15 states threaten legal action against Biden admin to protect ‘integrity of women’s sports’

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EXCLUSIVE: Montana leads 14 states threatening legal action against the Department of Education in an effort to “protect the integrity of women’s sports.”

“We are prepared to take legal action to uphold the plain meaning of Title IX and safeguard the integrity of women’s sports,” Montana Attorney General Austin Knudsen wrote Tuesday to the Biden Department of Education’s Civil Rights Division in a letter signed by 14 other state attorneys general. .

President Joe Biden speaks at the National League of Cities Congressional City Conference, Monday, March 14, 2022, in Washington.

President Joe Biden speaks at the National League of Cities Congressional City Conference, Monday, March 14, 2022, in Washington.
(AP Photo/Patrick Semansky)

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The attorneys general wrote that they are “alarmed by the Department of Education’s intent to propose new regulations implementing Title IX” and argued that the department “has not provided sufficient justification to engage in new rulemaking.”

“Therefore, we urge the Department to stop its effort and not alter the current Title IX regulations,” the letter says. “The Department should also not illegally rewrite Title IX to include gender identity. Make the right decision for the rule of law, as well as for students, parents, teachers and schools.”

Miguel Cardona speaks after President-elect Joe Biden announced him as his candidate for Secretary of Education.

Miguel Cardona speaks after President-elect Joe Biden announced him as his candidate for Secretary of Education.
(Joshua Roberts/Getty Images)

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In addition to Knudsen, the letter was also signed by the attorneys general of Alabama, Arkansas, Georgia, Idaho, Indiana, Kentucky, Louisiana, Missouri, Nebraska, Ohio, Oklahoma, South Carolina, South Dakota and Texas.

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“We are also concerned that an interpretation of Title IX that goes beyond sex to include gender identity has been and is being used to improperly intrude on parental decision-making regarding the education and upbringing of their children,” Knudsen and the attorneys general wrote. “An interpretation of Title IX that supports such radical positions is contrary to the role of the Department of Education, the text of Title IX and the constitutional right of parents to decide what is best for their children.”

President Biden signed an executive order in March that outlined plans to review Title IX regulations related to gender identity.

Education Secretary Miguel Cardona visits Upper Darby, Pennsylvania, on April 6, 2021.

Education Secretary Miguel Cardona visits Upper Darby, Pennsylvania, on April 6, 2021.
(Pete Bannan/MediaNews Group/Daily Times)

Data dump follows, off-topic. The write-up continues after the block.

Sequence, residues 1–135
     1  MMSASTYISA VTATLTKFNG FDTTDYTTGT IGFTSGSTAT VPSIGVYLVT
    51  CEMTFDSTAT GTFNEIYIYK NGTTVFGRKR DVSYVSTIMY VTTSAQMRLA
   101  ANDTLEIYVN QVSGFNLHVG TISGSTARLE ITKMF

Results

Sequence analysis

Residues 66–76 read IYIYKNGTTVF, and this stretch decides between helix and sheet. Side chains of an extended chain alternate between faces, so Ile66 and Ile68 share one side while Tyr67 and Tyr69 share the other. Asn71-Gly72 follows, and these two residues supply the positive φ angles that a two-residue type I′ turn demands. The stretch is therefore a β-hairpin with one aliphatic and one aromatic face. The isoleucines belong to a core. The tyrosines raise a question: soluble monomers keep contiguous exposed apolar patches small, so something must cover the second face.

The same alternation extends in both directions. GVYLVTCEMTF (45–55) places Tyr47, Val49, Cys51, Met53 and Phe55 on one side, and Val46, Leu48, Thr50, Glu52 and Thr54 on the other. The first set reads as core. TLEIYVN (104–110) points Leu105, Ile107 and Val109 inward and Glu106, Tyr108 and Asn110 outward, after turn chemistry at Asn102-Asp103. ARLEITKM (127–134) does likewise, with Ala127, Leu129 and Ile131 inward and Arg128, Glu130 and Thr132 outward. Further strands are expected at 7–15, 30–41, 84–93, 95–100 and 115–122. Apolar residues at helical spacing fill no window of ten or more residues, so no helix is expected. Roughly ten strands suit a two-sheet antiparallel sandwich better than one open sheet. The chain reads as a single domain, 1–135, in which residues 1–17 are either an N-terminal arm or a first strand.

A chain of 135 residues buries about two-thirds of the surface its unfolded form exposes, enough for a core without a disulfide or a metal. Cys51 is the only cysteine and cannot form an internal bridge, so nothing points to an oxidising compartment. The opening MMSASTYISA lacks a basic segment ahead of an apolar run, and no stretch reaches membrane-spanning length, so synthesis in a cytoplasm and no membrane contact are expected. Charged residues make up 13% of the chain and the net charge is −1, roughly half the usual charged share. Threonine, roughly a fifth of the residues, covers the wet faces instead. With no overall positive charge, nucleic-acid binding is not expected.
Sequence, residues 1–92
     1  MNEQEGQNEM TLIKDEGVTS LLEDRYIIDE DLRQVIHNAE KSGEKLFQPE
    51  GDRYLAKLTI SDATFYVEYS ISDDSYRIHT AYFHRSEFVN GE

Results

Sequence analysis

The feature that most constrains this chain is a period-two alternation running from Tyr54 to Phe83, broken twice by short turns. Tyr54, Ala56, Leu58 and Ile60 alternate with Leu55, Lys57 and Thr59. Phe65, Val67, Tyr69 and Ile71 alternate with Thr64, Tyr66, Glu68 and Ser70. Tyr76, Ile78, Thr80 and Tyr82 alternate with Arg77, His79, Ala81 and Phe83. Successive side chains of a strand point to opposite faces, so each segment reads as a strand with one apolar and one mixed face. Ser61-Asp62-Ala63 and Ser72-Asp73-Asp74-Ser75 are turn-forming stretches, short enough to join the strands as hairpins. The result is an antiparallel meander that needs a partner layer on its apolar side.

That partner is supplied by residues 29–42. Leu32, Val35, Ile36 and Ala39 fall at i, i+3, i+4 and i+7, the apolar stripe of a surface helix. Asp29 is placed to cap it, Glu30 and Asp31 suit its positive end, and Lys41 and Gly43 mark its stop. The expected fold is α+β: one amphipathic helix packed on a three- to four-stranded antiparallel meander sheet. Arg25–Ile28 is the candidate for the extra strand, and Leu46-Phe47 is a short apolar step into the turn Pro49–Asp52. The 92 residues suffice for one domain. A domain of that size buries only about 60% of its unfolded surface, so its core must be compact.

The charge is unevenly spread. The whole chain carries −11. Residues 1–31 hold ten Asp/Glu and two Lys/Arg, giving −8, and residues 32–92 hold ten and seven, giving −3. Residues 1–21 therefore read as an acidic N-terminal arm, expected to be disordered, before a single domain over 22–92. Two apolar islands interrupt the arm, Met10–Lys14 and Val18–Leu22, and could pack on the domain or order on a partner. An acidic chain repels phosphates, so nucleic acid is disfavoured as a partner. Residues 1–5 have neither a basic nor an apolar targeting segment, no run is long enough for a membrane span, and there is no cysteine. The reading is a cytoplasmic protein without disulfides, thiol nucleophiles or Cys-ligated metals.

“The Executive Order directed the Department of Education to review the significant rates at which students who identify as LGBTQ+ are subject to sexual harassment, including sexual violence,” the White House said in a statement. statement. “The Department of Education has announced that it intends to propose amendments to its Title IX regulations this year.”

In a statement to Fox News Digital, a Department of Education spokesperson said the department is “committed to ensuring that schools provide students with educational environments free from discrimination, a goal we hope all educators and leaders share.”

The statement continued: “In line with this goal and as the Department has previously stated, the Department anticipates updating the Title IX regulations this spring.”

The rift between the Biden administration and the 15 attorneys general comes as Republicans across the country have sought to roll back states and universities that allowed people who were born male but “identify” as female to compete against student athletes.

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One such high-profile case involves University of Pennsylvania swimmer Lia Thomas, who was born male, who was allowed to compete against female swimmers.

Kentucky swimmer Riley Gaines, who recently tied Thomas for fifth in the 200-yard freestyle NCAA swimming championships, says the “majority” of women “do not agree with the trajectory” women’s sports are taking.

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“Most of us athletes, or women in general, really don’t agree with this, and don’t agree with the trajectory of this and how it’s going and how it could end in a few years,” Gaines said, referring to the NCAA’s unwillingness to change the rules in an effort to protect women’s competitive sports.

Gaines said she knows several women who feel the same way she does but are “afraid” to speak out against transgender women participating in women’s sports because of the current culture and “don’t want to risk their future.”

Kyle Morris of Fox News contributed to this report.